KEEP TABS ON THE LATEST CALIFORNIA POLICY AND POLITICS NEWS
Good morning, California. It’s Friday, November 19.
Equity vs. being “woke”
Goodbye, admissions tests to get into the University of California. Hello, social justice concepts in high school math classes.
The leaders of the nation’s premier public university system announced Thursday that UC won’t require any admissions tests for undergraduate applicants, a little more than a year after it stopped requiring SAT and ACT scores. UC nixed those exams amid criticism that they discriminated against low-income students of color and people with disabilities, and although the system considered requiring alternative tests, “there isn’t right now a test or an assessment that we feel comfortable using in our admissions process,” said Cecilia Estolano, chair of the UC Board of Regents.
The move — which will likely have national ripple effects — presents both opportunities and challenges for the UC. After eliminating the SAT/ACT requirement, UC this fall welcomed its most diverse class in history. But the loosened testing requirements also resulted in a massive influx of applications. A recent report to the UC Regents suggested the system could use artificial intelligence to help with the increased workload — but warned that could result in its own “adverse outcomes or unintended consequences,” CalMatters’ Mikhail Zinshteyn reports.
Meanwhile, California’s K-12 public education system is considering its own steps to achieve more equitable outcomes. In July, the state Board of Education is set to vote on a controversial proposal to overhaul California’s math framework — one that would push Algebra 1 back to ninth grade, de-emphasize calculus, apply social justice principles to math lessons, and replace the notion that some students are “naturally talented” with the “recognition that every student is on a growth pathway.” Some critics have denounced this as “woke math.”
As CalMatters’ Joe Hong reports, the framework is just a set of suggestions — school districts can follow as much or as little of it as they choose. Yet it’s set off a firestorm among teachers, parents and advocates as they wrangle over how to improve education in a state that ranks in the nation’s bottom quartile for eighth-grade math scores.
- Tom Loveless, a retired Brookings Institution math education expert: “The way you get social justice in mathematics is to teach the kids math. It’s not by dressing up mathematics in social justice.”
- Ben Ford, a Sonoma State math professor and framework author: “The people who advocate for traditional methods see the goal of math instruction as finding the brilliant ones and helping the other ones just get through life. We’re thinking about the people we miss.”
In other education news:
- A Thursday report from outgoing State Auditor Elaine Howle found that several public universities spent $47 million in federal education relief funds on expenses that should have been billed to FEMA, though they still have time to seek reimbursements. The audit also found that campuses used inconsistent criteria to distribute the money; for example, students eligible for relief at one campus couldn’t get it at another.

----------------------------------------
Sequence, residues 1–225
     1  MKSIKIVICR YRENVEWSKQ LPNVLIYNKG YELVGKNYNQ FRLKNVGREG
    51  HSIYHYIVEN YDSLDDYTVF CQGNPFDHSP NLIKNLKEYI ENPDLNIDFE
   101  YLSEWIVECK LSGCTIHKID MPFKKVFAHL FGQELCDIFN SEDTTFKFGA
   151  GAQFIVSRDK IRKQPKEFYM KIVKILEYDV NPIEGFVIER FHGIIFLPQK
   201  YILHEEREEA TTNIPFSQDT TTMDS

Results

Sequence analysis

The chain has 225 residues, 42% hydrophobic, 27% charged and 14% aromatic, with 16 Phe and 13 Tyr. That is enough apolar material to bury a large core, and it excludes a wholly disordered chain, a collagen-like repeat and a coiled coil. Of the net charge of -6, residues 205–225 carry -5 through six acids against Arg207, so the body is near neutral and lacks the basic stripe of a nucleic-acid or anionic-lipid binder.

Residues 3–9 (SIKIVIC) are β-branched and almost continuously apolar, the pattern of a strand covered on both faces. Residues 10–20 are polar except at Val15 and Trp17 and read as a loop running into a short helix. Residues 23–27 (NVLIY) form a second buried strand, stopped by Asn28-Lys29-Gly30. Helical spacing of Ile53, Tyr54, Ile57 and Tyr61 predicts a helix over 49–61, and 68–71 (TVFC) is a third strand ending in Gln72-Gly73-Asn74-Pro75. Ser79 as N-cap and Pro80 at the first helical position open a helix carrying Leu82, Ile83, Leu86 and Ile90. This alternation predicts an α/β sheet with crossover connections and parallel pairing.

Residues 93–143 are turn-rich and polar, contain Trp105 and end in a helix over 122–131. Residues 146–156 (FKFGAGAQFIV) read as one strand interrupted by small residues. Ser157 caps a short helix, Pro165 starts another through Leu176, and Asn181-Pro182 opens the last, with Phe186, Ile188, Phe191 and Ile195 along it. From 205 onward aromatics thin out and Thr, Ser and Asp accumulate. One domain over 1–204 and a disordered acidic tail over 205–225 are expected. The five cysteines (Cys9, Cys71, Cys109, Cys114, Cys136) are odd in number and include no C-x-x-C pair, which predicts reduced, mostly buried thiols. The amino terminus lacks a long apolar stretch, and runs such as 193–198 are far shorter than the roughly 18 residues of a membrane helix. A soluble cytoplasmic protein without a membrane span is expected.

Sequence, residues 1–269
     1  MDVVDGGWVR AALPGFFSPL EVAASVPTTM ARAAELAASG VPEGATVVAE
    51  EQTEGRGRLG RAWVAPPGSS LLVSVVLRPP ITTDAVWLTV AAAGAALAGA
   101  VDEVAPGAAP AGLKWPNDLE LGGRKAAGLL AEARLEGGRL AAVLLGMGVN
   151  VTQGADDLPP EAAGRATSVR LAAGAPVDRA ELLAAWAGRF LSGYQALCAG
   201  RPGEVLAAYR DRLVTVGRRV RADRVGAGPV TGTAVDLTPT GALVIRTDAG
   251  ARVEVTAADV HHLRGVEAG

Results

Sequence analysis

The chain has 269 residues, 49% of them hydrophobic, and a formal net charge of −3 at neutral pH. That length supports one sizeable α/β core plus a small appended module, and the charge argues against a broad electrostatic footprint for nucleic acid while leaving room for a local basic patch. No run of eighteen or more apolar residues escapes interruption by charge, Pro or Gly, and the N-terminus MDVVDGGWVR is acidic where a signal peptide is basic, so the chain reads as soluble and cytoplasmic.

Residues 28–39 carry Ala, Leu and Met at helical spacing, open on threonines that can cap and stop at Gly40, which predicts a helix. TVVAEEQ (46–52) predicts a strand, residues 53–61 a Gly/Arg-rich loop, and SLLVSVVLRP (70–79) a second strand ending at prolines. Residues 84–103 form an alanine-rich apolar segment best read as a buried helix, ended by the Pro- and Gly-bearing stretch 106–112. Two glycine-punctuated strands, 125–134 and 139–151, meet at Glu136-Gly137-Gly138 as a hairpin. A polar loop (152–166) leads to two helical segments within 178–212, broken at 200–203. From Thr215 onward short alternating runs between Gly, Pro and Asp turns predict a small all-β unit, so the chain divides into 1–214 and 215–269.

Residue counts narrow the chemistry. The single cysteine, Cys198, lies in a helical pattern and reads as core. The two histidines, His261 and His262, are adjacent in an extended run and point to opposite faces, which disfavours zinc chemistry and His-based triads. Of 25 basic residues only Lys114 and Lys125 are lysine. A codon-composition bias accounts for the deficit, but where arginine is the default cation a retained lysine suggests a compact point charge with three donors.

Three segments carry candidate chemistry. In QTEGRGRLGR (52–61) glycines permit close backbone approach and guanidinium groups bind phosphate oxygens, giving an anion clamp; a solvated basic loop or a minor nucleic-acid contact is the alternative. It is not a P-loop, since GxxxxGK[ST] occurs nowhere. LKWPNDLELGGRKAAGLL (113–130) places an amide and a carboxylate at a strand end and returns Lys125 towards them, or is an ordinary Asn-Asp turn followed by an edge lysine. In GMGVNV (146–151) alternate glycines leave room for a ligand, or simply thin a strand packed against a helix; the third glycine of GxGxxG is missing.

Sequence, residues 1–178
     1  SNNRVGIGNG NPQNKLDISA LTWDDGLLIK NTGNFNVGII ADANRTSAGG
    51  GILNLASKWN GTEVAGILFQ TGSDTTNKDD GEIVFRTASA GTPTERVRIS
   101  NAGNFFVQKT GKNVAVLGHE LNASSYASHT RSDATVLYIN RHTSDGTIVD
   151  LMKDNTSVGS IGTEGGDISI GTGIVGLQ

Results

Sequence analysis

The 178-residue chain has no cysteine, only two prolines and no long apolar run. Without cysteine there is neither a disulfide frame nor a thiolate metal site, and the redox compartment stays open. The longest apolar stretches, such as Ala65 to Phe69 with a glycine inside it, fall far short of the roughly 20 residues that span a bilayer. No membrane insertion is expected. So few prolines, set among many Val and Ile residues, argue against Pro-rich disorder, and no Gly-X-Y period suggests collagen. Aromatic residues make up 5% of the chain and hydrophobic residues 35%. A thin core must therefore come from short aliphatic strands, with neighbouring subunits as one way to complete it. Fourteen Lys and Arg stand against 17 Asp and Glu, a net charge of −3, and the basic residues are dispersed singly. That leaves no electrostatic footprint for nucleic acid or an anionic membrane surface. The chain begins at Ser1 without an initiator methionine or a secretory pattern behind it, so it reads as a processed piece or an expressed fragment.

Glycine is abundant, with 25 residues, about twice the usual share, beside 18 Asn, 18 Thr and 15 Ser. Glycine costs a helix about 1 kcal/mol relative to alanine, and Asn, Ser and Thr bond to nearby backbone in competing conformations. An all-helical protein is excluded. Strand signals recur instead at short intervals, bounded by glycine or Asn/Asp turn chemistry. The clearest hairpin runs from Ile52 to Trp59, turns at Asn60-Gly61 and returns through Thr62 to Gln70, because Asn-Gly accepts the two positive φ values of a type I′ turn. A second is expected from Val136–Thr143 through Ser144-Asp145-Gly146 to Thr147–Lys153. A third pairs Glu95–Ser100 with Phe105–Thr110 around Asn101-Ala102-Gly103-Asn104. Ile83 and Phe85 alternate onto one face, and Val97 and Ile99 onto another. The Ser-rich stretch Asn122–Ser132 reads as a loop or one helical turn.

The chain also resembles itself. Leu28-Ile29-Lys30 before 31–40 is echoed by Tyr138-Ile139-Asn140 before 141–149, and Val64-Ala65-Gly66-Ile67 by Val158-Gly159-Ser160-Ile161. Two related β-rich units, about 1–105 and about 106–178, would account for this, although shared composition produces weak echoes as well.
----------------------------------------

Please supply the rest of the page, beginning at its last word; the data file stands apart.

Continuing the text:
- A recent state Supreme Court decision cleared the way for the cash-strapped San Francisco Unified School District to receive $123.4 million in previously frozen tax revenue — but much of the money must be repaid to the city or has already been allocated, leaving the beleaguered district with a little more than $50 million.
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The coronavirus bottom line: As of Wednesday, California had 4,752,970 confirmed cases (+0.1% from previous day) and 72,847 deaths (+0.2% from previous day), according to state data. CalMatters is also tracking coronavirus hospitalizations by county.
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Other stories you should know
1. Kaiser braces for more strikes
Get ready for another day of strikes at Kaiser Permanente facilities in Northern California. Today, about 24,000 nurses and mental health clinicians are set to hit the picket line in support of a hospital engineers union that’s been on strike since Sept. 18. The planned sympathy strike comes a day after another 40,000 Kaiser health care workers walked off the job in solidarity with the engineers. “We consider an injury to one is an injury to all,” Heather Wright, a family planning clerk at Kaiser Santa Rosa, told the Mercury News.
Kaiser, which settled two contract disputes earlier this week, is still bargaining with the union representing its mental health clinicians. But it warned the other unions joining the sympathy strikes that “we believe in accordance with their contracts, these sympathy strikes are not protected by law.” Kaiser also suggested the engineers union is being unreasonable by asking for “much more — in some cases nearly two times more” than other unionized workforces. Stationary Engineers Local 39, however, said its members earn less than engineers who work for Sutter Health and other large providers. To keep facilities open and working during the strikes, Kaiser is flying in engineers from Southern California and calling on contingency staff for certain services.